Any plausible conspiracy theory about N.II's death (in the residence of the Austrian Emperor) must include some mention of Franz II/I and his particularly nervous and suspicious nature. Anyone seen as posing a risk to the Monarchy would be dealt with. The Habsburgs were not simple Russians, the thought of using anything so crude as a window would be sneered at. If the threat had to be delicately dealt with, so as not to reflect badly on the Emperor, it would be carefully and professionally done: covering newspaper stories about poor health would be inserted in papers well before hand, a complete medical report detailing all necessary health issues would be compiled, and a proper death report filed.
There is a well known saying "The thanks of the Habsburg's" which translates basically into being stabbed in the back.
It's my understanding that the (post 1815) Franz II/I era was one of the more reactionary and ruthless.
Has there been any work on Franz II/I and the King of Rome? Which would on the surface have to be one of the more tortured relationships in history. And, after a quick look, it appears to have been exactly that; both Metternich and F. feared him getting outside of their reach. More than likely, F. began plotting this particular death from the first day of his coming under his control.
By all reports, Franz II/I was paranoid and delusional, he had an army of agents, spies, informers. If you want to know what F. was thinking about N.II, find the worst rumors circulating. If those rumors included N.II taking reign of some revolutionary uprising or even just a whisper of talk about there being a political role for him... his life would have been in danger. In addition, N.II's chosen military career would have been a strike against him. Would there have been talk inside inner Habsburg circles about a need of nipping this branch at the bud? Absolutely.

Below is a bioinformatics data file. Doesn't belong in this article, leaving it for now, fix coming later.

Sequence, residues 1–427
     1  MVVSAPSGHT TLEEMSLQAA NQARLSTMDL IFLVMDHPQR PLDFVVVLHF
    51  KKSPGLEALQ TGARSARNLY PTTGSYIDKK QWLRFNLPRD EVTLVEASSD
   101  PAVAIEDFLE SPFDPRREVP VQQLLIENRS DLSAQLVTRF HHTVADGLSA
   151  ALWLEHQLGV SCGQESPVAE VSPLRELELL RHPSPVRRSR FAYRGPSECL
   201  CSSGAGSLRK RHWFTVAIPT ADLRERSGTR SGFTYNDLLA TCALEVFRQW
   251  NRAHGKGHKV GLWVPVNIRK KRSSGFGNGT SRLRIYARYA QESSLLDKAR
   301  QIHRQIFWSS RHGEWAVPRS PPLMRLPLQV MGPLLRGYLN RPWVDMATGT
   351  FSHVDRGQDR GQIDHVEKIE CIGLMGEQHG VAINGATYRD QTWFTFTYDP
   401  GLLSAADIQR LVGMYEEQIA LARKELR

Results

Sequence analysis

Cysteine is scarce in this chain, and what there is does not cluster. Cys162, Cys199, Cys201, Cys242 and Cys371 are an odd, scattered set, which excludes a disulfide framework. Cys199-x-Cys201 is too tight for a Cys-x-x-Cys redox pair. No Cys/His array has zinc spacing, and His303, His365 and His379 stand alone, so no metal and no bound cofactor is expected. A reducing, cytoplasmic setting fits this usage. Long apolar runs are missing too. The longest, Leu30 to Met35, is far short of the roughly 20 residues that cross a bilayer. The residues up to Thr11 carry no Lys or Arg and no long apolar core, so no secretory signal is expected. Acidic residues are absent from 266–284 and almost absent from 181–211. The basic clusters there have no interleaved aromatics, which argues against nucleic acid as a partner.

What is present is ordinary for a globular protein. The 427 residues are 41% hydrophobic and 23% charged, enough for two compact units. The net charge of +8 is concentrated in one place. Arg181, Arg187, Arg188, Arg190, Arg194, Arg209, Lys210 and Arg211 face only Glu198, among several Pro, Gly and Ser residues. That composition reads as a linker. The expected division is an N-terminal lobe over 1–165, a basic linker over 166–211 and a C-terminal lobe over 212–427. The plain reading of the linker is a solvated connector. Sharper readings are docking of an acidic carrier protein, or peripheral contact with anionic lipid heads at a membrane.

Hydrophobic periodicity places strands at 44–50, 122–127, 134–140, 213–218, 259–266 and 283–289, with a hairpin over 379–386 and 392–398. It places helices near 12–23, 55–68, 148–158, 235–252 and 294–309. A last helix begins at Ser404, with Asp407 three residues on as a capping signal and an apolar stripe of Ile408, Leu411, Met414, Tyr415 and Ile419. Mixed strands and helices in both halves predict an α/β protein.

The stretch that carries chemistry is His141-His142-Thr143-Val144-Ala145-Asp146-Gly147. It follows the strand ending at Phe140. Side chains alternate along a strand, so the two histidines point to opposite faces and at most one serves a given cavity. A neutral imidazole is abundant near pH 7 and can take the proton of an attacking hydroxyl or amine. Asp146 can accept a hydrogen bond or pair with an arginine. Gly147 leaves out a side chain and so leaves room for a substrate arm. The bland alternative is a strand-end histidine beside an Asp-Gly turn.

"Fatal Links: the Curious Deaths of Beethoven and the Two Napoleons, Altman puts forward the hypothesis that Beethoven's death was the result of deliberate poisoning on the part of agents of the Viennese authorities, at the same time drawing parallels with the deaths (by similar symptoms) of Napoleon Bonaparte and his son Napoleon II, the latter at the hands of the same Viennese authorities, by whom he was kept a virtual prisoner throughout most of his short life. Fatal Links draws exclusively on source evidence of letters and eye-witness reports and, while she was not privy to subsequent medical analysis of Beethoven's hair, her conclusions - that he showed symptoms of lead or arsenic poisoning - accord well with the result of the chemical analysis."